Pottery by Paul Gauguin

Pottery by Paul Gauguin

Working in collaboration with one of the leading ceramics masters, Ernest Chapelle, Gauguin decorated the ceramic vase with Breton scenes anticipating his late, synthetic style. Soon, in the same technique, the artist created two powerful images expressing suffering and anguish. Both works – a snuffbox and a jug – were made in the form of a skewed artist suffering from pain.

“Ceramics,” the artist said, “conveys a sense of fire, and so the sculpted figure is writhing in a hellfire, and I think that this makes the figure more expressive.” The jug, most likely, conveys the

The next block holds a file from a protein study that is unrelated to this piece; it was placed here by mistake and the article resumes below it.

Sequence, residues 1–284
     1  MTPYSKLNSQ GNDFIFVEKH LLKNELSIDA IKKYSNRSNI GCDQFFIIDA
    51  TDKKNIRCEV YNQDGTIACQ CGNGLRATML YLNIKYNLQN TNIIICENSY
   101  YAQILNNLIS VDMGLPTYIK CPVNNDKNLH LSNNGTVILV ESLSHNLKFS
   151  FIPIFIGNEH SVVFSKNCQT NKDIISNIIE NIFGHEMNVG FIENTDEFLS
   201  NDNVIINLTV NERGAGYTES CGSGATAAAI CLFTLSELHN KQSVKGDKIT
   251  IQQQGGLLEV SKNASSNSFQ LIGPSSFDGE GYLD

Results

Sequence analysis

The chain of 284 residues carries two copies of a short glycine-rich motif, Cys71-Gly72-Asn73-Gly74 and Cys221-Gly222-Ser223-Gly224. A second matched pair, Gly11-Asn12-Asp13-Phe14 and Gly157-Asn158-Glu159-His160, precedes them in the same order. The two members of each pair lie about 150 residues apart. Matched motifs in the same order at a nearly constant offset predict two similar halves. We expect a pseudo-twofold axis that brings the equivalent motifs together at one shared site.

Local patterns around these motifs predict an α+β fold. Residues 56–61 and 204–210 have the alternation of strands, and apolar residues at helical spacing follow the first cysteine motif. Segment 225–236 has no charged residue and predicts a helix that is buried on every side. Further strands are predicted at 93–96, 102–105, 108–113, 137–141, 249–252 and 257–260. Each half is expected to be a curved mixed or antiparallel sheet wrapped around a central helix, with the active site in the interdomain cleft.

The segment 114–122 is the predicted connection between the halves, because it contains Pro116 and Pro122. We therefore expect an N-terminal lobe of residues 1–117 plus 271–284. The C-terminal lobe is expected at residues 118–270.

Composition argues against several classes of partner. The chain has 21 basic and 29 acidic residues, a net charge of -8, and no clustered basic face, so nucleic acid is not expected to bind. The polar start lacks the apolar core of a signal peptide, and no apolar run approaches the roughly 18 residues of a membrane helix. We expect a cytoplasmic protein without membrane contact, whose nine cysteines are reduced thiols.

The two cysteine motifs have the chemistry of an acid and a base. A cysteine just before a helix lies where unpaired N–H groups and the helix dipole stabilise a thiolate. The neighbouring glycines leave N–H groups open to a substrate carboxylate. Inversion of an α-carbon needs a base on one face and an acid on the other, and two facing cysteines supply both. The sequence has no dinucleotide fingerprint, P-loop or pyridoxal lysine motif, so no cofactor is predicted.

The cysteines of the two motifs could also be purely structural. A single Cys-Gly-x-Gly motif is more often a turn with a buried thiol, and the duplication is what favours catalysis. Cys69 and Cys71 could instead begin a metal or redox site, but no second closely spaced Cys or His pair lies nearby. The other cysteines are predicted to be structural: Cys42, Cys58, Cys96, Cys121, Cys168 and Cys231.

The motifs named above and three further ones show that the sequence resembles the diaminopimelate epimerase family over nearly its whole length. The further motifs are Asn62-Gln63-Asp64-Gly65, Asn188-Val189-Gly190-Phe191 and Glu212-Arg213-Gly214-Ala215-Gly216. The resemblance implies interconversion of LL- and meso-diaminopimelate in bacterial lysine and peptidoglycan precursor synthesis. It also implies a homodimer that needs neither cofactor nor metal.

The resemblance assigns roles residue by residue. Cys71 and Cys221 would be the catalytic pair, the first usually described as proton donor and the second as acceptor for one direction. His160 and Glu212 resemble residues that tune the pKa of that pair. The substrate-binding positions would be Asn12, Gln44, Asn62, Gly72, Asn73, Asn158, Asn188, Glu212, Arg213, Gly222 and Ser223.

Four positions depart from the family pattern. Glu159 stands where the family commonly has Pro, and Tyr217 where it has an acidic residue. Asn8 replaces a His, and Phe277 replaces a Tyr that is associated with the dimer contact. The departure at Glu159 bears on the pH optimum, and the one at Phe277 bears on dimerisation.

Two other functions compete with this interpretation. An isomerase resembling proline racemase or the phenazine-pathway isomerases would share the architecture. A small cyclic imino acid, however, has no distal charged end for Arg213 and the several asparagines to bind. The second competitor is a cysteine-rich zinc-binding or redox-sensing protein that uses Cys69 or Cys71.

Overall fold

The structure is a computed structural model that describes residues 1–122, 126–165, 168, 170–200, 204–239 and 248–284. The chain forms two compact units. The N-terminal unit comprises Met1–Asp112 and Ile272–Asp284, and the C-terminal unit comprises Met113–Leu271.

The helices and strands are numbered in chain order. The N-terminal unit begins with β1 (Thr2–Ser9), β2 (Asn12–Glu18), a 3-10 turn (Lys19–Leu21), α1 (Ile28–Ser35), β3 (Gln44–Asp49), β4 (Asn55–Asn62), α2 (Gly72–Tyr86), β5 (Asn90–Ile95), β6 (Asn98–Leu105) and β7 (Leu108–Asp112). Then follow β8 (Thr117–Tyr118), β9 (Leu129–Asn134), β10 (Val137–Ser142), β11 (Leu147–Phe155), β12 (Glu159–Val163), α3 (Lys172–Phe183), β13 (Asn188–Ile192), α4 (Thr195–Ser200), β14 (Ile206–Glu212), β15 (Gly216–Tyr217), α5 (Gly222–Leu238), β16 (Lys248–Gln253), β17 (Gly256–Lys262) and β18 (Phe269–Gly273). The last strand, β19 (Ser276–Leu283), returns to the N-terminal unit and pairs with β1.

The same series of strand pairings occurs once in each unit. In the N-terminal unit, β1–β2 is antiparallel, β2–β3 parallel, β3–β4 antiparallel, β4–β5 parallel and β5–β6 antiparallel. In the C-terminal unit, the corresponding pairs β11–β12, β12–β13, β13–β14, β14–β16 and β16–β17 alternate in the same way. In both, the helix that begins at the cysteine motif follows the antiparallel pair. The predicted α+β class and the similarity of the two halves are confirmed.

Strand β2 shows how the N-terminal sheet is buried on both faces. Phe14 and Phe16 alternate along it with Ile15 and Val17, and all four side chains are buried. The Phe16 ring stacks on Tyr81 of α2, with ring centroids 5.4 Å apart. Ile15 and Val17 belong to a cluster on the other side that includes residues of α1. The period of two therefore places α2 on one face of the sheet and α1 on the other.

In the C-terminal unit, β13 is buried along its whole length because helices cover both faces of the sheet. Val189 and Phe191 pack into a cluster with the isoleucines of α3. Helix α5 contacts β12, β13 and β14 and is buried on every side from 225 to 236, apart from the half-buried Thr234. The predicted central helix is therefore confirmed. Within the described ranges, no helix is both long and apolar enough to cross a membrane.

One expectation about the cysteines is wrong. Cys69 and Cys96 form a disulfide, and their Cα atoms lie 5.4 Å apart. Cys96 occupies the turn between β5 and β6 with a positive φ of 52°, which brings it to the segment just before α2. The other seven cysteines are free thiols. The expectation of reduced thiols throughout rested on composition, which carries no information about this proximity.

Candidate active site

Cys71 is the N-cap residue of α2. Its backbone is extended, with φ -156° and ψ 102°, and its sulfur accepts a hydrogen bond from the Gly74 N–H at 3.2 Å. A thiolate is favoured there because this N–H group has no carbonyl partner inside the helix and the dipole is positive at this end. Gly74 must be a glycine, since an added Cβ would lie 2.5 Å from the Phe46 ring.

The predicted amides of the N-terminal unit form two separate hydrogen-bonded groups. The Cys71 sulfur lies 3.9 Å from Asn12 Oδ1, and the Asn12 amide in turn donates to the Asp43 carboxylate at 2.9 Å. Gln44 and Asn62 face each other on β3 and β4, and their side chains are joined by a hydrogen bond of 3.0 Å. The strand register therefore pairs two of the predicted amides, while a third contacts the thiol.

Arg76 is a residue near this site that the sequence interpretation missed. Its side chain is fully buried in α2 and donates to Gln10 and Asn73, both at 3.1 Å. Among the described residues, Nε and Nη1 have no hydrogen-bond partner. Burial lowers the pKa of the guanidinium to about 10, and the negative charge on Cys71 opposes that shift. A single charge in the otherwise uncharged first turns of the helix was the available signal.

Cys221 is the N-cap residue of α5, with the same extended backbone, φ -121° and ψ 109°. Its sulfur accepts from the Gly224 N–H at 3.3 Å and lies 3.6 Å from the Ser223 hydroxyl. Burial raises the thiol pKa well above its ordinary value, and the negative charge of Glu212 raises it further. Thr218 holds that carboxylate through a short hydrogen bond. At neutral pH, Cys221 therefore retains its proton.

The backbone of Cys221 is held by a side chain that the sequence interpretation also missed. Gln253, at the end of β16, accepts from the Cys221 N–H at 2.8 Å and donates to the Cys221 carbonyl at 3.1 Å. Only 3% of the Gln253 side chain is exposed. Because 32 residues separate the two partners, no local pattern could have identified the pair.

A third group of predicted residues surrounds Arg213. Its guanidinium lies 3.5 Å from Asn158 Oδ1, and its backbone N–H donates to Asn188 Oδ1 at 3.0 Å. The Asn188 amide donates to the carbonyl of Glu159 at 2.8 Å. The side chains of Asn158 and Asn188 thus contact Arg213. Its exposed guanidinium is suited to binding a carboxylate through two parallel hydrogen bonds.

impression of Gauguin from the public guillotine he saw in Paris.

The technique of Gauguin is unusual. He preferred to sculpt clay with his hands, without using the potter’s wheel at the same time. As a result, the sculpture looks rougher and more primitive. According to some acquaintances of the artist, he valued ceramics works no less than his canvases. Gauguin even bequeathed a copy of Owiri, one of his ceramic sculptures, adorned his grave.

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